Sensitivity to Audiovisual Temporal Asynchrony in Children With a History of Specific Language Impairment and Their Peers With Typical Development: A Replication and Follow-Up Study Purpose Earlier, my colleagues and I showed that children with a history of specific language impairment (H-SLI) are significantly less able to detect audiovisual asynchrony compared with children with typical development (TD; Kaganovich & Schumaker, 2014). Here, I first replicate this finding in a new group of children with H-SLI ... Research Note
Newly Published
Research Note  |   July 13, 2017
Sensitivity to Audiovisual Temporal Asynchrony in Children With a History of Specific Language Impairment and Their Peers With Typical Development: A Replication and Follow-Up Study
 
Author Affiliations & Notes
  • Natalya Kaganovich
    Department of Speech, Language, and Hearing Sciences, Purdue University, West Lafayette, IN
    Department of Psychological Sciences, Purdue University, West Lafayette, IN
  • Disclosure: The author has declared that no competing interests existed at the time of publication.
    Disclosure: The author has declared that no competing interests existed at the time of publication. ×
  • Correspondence to Natalya Kaganovich: kaganovi@purdue.edu
  • Editor: Sean Redmond
    Editor: Sean Redmond×
  • Associate Editor: Lisa Archibald
    Associate Editor: Lisa Archibald×
Article Information
Development / Language Disorders / Specific Language Impairment / Attention, Memory & Executive Functions / Newly Published / Research Note
Research Note   |   July 13, 2017
Sensitivity to Audiovisual Temporal Asynchrony in Children With a History of Specific Language Impairment and Their Peers With Typical Development: A Replication and Follow-Up Study
Journal of Speech, Language, and Hearing Research, Newly Published. doi:10.1044/2017_JSLHR-L-16-0327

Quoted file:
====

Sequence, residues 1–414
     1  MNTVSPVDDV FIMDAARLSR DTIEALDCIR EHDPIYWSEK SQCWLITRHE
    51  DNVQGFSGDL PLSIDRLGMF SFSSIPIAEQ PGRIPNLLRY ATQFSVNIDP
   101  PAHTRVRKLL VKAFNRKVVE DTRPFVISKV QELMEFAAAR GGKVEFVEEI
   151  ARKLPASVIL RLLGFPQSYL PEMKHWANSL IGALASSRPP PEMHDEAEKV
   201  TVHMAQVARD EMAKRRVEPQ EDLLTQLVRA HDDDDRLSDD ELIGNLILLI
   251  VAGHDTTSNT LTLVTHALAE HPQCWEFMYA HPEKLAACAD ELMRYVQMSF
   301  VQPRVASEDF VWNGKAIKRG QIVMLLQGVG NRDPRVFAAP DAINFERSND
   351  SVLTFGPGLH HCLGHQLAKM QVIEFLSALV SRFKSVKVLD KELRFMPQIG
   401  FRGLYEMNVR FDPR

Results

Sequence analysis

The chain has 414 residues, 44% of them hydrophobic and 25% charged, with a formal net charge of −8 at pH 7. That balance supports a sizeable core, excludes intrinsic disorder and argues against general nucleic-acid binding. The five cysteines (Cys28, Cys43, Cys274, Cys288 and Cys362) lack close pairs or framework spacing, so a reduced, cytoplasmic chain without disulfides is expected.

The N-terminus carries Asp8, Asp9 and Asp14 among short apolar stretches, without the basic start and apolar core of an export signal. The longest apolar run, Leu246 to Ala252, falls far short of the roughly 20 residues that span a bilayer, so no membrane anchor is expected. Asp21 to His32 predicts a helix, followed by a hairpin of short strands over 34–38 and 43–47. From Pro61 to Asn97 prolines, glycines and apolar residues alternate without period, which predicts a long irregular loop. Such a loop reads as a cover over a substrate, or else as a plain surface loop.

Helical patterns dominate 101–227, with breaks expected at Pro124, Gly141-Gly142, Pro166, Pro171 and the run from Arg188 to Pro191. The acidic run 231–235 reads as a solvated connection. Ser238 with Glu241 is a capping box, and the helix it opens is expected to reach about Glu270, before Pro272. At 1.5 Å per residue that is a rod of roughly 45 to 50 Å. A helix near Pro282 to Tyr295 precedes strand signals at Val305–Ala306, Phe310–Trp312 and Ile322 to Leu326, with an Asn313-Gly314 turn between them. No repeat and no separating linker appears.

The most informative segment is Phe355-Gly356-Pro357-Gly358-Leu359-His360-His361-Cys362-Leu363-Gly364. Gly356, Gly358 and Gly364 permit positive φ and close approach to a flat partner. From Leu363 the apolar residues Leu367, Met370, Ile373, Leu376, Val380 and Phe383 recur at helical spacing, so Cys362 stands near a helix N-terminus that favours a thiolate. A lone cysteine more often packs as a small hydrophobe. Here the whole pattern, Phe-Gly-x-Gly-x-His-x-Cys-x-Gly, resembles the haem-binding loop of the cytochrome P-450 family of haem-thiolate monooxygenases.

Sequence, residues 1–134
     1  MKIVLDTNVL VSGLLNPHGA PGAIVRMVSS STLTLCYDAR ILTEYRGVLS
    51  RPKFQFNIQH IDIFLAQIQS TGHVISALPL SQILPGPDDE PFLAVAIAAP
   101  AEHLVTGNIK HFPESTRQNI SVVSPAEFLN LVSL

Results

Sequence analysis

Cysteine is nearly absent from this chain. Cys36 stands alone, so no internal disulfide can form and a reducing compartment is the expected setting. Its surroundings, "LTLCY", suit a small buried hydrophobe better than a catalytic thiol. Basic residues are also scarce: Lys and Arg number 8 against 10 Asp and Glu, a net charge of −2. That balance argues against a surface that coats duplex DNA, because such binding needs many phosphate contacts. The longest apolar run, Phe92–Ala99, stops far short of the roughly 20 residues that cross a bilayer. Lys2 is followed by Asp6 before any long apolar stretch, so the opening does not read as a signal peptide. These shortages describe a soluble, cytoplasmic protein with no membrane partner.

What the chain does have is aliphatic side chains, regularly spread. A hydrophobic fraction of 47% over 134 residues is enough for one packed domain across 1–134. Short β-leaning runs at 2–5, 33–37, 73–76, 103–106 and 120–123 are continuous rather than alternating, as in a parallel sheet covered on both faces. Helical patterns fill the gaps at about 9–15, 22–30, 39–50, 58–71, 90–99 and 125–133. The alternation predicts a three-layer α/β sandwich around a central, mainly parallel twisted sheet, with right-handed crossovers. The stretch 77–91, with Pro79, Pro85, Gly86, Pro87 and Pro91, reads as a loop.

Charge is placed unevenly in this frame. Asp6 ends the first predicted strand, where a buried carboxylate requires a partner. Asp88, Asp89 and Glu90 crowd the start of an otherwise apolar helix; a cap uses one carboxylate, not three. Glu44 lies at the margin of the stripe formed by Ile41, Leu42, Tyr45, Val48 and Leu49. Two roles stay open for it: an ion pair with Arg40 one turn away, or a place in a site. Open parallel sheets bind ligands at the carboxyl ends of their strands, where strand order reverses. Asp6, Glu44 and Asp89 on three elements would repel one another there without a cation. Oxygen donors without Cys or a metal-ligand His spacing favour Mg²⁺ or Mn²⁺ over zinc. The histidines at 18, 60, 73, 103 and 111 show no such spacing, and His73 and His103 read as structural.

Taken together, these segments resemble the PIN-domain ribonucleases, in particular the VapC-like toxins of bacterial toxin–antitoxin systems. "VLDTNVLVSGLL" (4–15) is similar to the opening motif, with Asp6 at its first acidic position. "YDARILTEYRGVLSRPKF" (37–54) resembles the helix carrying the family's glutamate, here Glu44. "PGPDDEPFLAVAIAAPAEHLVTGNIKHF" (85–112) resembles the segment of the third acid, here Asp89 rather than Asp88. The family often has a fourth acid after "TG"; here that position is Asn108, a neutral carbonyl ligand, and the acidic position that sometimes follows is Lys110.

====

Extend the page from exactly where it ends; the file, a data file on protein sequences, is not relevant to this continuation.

History: Received August 10, 2016 , Revised January 26, 2017 , Accepted April 5, 2017
 
Journal of Speech, Language, and Hearing Research, Newly Published. doi:10.1044/2017_JSLHR-L-16-0327
History: Received August 10, 2016; Revised January 26, 2017; Accepted April 5, 2017

Purpose Earlier, my colleagues and I showed that children with a history of specific language impairment (H-SLI) are significantly less able to detect audiovisual asynchrony compared with children with typical development (TD; Kaganovich & Schumaker, 2014). Here, I first replicate this finding in a new group of children with H-SLI and TD and then examine a relationship among audiovisual function, attention skills, and language in a combined pool of children.

Method The stimuli were a pure tone and an explosion-shaped figure. Stimulus onset asynchrony (SOA) varied from 0–500 ms. Children pressed 1 button for perceived synchrony and another for asynchrony. I measured the number of synchronous perceptions at each SOA and calculated children's temporal binding windows. I, then, conducted multiple regressions to determine if audiovisual processing and attention can predict language skills.

Results As in the earlier study, children with H-SLI perceived asynchrony significantly less frequently than children with TD at SOAs of 400–500 ms. Their temporal binding windows were also larger. Temporal precision and attention predicted 23%–37% of children's language ability.

Conclusions Audiovisual temporal processing is impaired in children with H-SLI. The degree of this impairment is a predictor of language skills. Once understood, the mechanisms underlying this deficit may become a new focus for language remediation.

Acknowledgments
This research was supported, in part, by Grant R03DC013151 awarded to Natalya Kaganovich by the National Institute on Deafness and Other Communication Disorders, National Institutes of Health. The content is solely the responsibility of the author and does not necessarily represent the official view of the National Institute on Deafness and Other Communicative Disorders or the National Institutes of Health. I am grateful to Jennifer Schumaker, Patricia Deevy, Courtney Rowland Gorbandt, Kevin Barlow, and Caryn Herring for help with various stages of this project.
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